Spring 2014
Sital Kalantry
International Human Rights Clinic
LAWS 67913
The International Human Rights Clinic works for the promotion of social and economic justice globally, including in the United States. The Clinic uses international human rights laws and norms as well as other substantive law and strategies to draw attention to human rights violations, develop solutions to those problems using interdisciplinary methodologies, and promote accountability on the part of state and non-state actors. The Clinic works closely with non-governmental organizations to design, collaborate, and implement projects, which include litigation in domestic, foreign, and international tribunals as well as non-litigation projects, such as legislative reform and report research and drafting. Students work in teams on specific projects and develop their international research, legal writing, oral advocacy, communication, interviewing, collaboration, media advocacy, and strategic thinking skills. Additionally, students will critically examine the substance and application of human rights law, as well as discuss and confront the ethical challenges of working on human rights problems globally, and develop new techniques to address human rights violations, including those involving economic and social rights and women's rights. Students are encouraged, but not required to take a course in International Human Rights Law. Some students may have the option (but are not required) to undertake international or domestic travel in connection with their projects. Students will receive one or two credits each quarter in the International Human Rights Clinic in accordance with the Law School's general criteria for clinical courses as described in the Law School Announcements and by the approval of the clinical faculty.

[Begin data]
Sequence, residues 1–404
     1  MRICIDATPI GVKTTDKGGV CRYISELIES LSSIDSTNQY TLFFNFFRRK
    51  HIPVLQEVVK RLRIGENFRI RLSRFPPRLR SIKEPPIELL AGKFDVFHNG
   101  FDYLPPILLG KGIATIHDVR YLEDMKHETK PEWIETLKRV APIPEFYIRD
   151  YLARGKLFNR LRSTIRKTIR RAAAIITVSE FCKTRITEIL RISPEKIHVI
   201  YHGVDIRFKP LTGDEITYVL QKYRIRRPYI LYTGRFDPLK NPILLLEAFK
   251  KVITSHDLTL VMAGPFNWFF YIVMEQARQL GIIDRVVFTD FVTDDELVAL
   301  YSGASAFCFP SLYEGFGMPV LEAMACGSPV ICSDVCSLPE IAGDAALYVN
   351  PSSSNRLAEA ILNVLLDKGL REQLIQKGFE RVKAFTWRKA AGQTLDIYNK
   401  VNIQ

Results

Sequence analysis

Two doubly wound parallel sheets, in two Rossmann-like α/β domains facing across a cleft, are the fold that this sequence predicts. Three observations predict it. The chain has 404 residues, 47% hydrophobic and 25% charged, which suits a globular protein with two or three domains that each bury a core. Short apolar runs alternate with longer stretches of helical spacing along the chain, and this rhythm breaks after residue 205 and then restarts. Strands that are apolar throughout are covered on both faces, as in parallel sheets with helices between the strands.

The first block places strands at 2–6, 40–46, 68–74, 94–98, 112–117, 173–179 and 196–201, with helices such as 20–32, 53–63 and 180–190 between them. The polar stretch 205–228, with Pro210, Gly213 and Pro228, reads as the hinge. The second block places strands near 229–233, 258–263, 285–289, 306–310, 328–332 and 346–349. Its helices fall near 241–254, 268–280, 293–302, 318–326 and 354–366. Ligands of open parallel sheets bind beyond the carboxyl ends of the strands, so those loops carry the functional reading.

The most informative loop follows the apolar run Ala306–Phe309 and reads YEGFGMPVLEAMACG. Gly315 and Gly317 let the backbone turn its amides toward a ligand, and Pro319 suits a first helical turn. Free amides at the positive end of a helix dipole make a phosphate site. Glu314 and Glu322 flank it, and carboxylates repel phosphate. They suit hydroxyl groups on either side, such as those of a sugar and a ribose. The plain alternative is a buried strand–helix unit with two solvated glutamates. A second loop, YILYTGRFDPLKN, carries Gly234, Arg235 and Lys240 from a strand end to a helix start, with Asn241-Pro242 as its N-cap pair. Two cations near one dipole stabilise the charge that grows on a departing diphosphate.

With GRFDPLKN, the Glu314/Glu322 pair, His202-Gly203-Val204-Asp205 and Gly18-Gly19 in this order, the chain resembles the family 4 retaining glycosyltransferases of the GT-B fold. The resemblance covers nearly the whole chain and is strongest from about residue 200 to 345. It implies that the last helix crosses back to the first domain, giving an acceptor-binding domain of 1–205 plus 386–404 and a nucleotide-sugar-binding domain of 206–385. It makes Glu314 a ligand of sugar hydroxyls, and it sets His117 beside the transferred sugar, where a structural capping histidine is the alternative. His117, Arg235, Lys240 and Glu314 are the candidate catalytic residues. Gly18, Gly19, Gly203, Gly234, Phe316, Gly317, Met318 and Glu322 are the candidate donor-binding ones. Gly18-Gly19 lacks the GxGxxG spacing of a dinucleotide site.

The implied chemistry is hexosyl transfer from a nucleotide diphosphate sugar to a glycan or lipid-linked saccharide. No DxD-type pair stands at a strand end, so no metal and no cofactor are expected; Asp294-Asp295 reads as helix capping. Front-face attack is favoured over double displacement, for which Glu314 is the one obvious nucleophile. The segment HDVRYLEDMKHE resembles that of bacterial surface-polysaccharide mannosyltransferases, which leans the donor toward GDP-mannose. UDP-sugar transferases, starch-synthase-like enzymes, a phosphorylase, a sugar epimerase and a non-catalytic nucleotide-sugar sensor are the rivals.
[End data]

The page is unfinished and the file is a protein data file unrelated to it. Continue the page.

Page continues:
Winter 2014
Sital Kalantry
International Human Rights Lawyering Skills
LAWS 96203
In this seminar, students will learn the tools and develop the skills to conduct international human rights work, including international field-work and fact-gathering, interviewing witnesses and victims of abuses, assessing various litigation and non-litigation strategies, conducting legal research using diverse sources, evaluating successes and challenges, developing cross-cultural competency skills, and the ethical challenges of international work. The grade for the class will be based on class participation, in-class simulation exercises, and short assignments. This seminar is a pre-requisite or co-requisite for students who are or intend to enroll in the International Human Rights Clinic. Enrollment limited to 15 students.
Autumn 2013
Sital Kalantry